The Trials and Tribulation of Publication

cartoon publishingThe true joy of writing a book is the daily routine of sitting down and writing.  The process of creating something out of nothing is magical.  For me, that’s been the most rewarding part of the journey.

The worst part has been trying to get my book published.  This part of the journey has been a nightmare akin to Martin Sheen’s trip upriver in the movie Apocalypse Now.

I began by going to the reference work the Writer’s Market.  You can find it in any library.  It lists all of the publishers of books and magazines in the U.S. and Canada.  It also lists a large number of literary agents.  I went through The Writer’s Market and made a list of all of the publishers interested in historical fiction, and quickly learned my particular genre is not exactly highly in demand.  Seems there are a lot more publishers out there looking for gay/lesbian themed books, cookbooks and ‘how-to’ books than they are fictional novels about ancient Greece.  When I was done I had a list of about a dozen publishers, not one of whom I’d ever heard of before.  All were small presses who typically publish 1-5 books a year.  It seems all of the big, recognizable publishers like Random House, Simon & Schuster and Harper Collins do not take unsolicited manuscripts.  They only work through agents.

Having met someone who published through a small unknown publisher, and who ended up with no support and a second rate looking book, I determined right away that I wanted to get to a well known publisher.  I needed an agent.  Where to begin?

On the author Bernard Cornwell’s web site is an active forum where readers can post comments and questions.  Atop the forum Cornwell asks readers not to send him their own writing, unless it’s been published, in which case, he invites readers to send him their books.  He also states that if you are in the process of trying to get published, he was willing to help and could suggest a reputable agent.  So I began by emailing Cornwell.  His personal assistant replied giving me the name of an agent in New York City that works at a large, well respected agency called The Writers House.  I followed the instructions on The Writers House web site by sending them a 1-page query letter.

Ah, the infamous query letter.  Agents are such busy people, they don’t have time to read through dozens of manuscripts, so they ask that you to mail them a query letter first.  In one sheet of paper, you have to explain why anyone on the planet would want to read a book you’ve written and give a quick synopsis of your story.  Knowing no one would ever look at my book unless I came up with a good query letter I spent a month writing and re-writing my letter, selling myself, my idea and what felt like my soul.  I sent it off to The Writers House and to my surprise I received a one sentence email from the agent’s personal assistant (doesn’t anyone in the book industry reply to their own mail?) stating that they were very intrigued by my idea and to email them my book ASAP.  Which I did.  And then began waiting and waiting and waiting…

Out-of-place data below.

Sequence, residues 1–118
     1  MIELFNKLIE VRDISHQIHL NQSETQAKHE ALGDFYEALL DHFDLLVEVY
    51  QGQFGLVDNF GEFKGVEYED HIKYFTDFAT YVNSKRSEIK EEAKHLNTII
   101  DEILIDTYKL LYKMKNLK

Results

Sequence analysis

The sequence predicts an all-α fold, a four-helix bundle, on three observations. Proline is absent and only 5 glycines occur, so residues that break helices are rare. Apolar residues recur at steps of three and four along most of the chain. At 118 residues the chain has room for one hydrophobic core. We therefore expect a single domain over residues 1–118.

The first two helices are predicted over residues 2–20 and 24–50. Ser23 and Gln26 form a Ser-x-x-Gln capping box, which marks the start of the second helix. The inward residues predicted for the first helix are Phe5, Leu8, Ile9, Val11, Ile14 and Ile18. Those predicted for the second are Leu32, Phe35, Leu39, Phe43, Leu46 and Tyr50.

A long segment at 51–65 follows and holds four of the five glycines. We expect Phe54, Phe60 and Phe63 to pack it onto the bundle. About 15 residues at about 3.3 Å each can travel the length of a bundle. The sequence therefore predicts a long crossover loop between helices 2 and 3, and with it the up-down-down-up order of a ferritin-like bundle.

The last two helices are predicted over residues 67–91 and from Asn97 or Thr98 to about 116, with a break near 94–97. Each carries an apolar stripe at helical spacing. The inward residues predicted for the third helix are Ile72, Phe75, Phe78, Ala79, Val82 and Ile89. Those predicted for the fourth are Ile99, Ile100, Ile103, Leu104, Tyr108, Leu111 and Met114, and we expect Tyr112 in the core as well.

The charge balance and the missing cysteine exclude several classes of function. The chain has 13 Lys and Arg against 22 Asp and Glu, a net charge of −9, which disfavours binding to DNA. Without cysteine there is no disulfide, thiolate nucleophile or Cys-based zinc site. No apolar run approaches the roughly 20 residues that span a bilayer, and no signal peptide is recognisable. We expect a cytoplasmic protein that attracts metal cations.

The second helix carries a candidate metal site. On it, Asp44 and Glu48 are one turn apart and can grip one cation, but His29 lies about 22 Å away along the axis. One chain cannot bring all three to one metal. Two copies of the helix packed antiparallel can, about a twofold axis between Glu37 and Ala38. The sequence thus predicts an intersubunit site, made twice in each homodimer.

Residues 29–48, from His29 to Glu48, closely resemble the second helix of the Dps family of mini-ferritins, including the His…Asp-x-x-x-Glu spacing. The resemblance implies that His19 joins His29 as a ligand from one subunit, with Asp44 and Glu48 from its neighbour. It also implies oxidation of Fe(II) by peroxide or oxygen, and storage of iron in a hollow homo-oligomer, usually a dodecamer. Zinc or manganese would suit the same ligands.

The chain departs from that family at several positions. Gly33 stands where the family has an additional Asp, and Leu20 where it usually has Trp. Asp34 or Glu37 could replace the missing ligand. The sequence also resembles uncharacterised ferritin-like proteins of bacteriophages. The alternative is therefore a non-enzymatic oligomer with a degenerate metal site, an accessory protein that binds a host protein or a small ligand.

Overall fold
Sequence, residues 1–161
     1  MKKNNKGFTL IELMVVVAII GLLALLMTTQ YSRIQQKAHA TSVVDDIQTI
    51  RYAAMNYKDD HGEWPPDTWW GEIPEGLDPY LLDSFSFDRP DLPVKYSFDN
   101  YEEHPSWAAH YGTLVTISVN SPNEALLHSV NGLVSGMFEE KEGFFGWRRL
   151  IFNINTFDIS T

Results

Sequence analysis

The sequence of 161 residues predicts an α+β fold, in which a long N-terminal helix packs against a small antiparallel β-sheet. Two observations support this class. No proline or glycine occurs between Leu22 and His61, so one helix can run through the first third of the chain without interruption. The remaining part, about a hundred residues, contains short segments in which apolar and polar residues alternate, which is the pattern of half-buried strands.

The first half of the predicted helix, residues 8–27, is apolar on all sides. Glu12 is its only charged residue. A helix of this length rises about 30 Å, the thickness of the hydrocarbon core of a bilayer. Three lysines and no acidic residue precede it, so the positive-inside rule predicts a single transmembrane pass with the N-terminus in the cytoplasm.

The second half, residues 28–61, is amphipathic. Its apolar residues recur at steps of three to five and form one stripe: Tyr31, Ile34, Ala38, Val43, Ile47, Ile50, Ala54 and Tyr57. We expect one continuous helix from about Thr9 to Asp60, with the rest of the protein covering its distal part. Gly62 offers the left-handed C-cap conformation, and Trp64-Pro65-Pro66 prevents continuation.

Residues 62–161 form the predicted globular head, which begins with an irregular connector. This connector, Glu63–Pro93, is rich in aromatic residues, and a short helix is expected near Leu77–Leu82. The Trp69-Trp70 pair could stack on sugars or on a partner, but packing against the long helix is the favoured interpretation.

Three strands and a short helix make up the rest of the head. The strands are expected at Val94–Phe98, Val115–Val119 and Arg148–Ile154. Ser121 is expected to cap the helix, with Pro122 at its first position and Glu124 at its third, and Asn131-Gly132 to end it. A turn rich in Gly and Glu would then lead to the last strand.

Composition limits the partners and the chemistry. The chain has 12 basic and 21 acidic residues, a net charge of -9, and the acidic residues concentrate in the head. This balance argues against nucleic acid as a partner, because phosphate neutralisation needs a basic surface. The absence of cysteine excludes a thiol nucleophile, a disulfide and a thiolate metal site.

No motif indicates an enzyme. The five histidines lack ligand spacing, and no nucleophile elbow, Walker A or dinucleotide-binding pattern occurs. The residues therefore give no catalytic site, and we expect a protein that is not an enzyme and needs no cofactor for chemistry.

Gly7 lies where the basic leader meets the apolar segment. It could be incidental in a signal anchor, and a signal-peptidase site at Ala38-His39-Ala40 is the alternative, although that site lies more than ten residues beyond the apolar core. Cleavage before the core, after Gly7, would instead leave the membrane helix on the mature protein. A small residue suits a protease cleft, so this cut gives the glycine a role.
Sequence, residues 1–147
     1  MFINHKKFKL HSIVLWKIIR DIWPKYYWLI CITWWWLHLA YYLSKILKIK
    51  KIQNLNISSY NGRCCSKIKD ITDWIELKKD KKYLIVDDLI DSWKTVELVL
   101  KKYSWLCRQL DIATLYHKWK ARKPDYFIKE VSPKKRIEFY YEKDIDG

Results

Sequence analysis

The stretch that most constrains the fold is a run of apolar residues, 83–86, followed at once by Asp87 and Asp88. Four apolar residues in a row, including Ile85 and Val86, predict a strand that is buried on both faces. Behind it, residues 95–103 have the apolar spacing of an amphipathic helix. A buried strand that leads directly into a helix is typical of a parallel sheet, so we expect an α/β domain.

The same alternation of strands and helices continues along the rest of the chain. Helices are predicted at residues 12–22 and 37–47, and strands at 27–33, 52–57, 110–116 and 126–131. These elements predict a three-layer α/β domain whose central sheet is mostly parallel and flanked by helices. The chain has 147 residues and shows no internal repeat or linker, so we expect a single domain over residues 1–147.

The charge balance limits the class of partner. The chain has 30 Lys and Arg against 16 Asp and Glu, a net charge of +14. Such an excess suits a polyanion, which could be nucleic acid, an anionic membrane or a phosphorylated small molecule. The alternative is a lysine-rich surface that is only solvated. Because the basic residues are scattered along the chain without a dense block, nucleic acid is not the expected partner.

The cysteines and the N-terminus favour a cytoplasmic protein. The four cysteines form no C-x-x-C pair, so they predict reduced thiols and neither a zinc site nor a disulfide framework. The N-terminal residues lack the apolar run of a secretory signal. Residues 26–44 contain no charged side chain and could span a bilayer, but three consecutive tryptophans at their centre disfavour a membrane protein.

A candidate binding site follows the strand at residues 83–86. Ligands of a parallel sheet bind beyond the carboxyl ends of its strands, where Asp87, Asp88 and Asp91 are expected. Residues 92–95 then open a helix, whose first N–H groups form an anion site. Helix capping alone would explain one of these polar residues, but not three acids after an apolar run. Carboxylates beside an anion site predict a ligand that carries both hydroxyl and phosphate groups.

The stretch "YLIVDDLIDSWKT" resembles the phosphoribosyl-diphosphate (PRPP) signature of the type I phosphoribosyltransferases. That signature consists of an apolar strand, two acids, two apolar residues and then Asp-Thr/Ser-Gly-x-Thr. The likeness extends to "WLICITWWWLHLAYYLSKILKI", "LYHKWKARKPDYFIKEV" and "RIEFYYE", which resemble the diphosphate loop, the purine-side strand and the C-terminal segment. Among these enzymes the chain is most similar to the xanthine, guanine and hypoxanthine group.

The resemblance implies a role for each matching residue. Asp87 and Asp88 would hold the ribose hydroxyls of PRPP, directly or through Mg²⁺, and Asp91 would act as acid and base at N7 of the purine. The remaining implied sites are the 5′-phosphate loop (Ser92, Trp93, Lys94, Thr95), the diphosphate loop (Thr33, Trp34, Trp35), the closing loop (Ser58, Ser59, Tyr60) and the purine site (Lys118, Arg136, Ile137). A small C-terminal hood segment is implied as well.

The Writers House web site asks you to be patient, explaining they’re very busy people, so you might not hear back from the for 8-9 weeks.  I waited 10 weeks then sent an email to the agent and his personal assistant, apologizing for writing to them, and explaining that I was eager to hear what they thought of The Wandering King.  I received a quick reply from the agent saying, sorry, but he was very busy working with authors who made him money and sad to say, he’d completely forgotten about me and my book.  He promised to read The Wandering King and get back to me in two weeks.  In about a week’s time I heard once more from his personal assistant saying that although they were impressed by the amount of research I’d done and by my writing ability, they just weren’t ‘feeling’ my main character.

So after almost four months of waiting, I’d been rejected after what I thought was a promising reaction to my query letter.  Picking myself up off the floor, I wrote back to the agent’s assistant and asked him if he had any suggestions on where I might go next.  He replied telling me to try the Publishers Marketplace, a site devoted to agents, publishers and writers.  I went through the site, picked out five agencies who stated they were interested in publishing historical fiction and sent my query letter off to them, only to be rejected by three of them – two never even bothered to reply.

I keep telling myself plenty of successful authors, Joseph Heller, William Faulkner, Stephen King and J.K. Rowling among them, were rejected before getting their books published.  William Golding’s classic The Lord of the Flies was rejected by 20 publishers, one of whom wrote to him, “An absurd and uninteresting fantasy that was rubbish and dull.”  Still, my first foray into the world of book publishing was pretty deflating.

Fortunately, that’s not the end of the story.  Stay tuned.


5 thoughts on “The Trials and Tribulation of Publication

  1. Bill

    Truely loving history comes not from the knowing of the facts, but from the realities of the motivations of the characters and the events. It sounds like that is something you understand and should make your work more than interesting. I cannot wait.


  2. johannelyhne

    The waiting-game is exhausting! It really hard to keep going when the publishing-world puts you through something like that! I, personally, think your idea sounds very fascinating and would LOVE to read it if it ever became an actual book. By the way, I read in Writers’ and Artists’ Yearbook 2013 that historical fiction has a market in the future and that agents and publishers are beginning to look for them so maybe 2013 will be your year 😉



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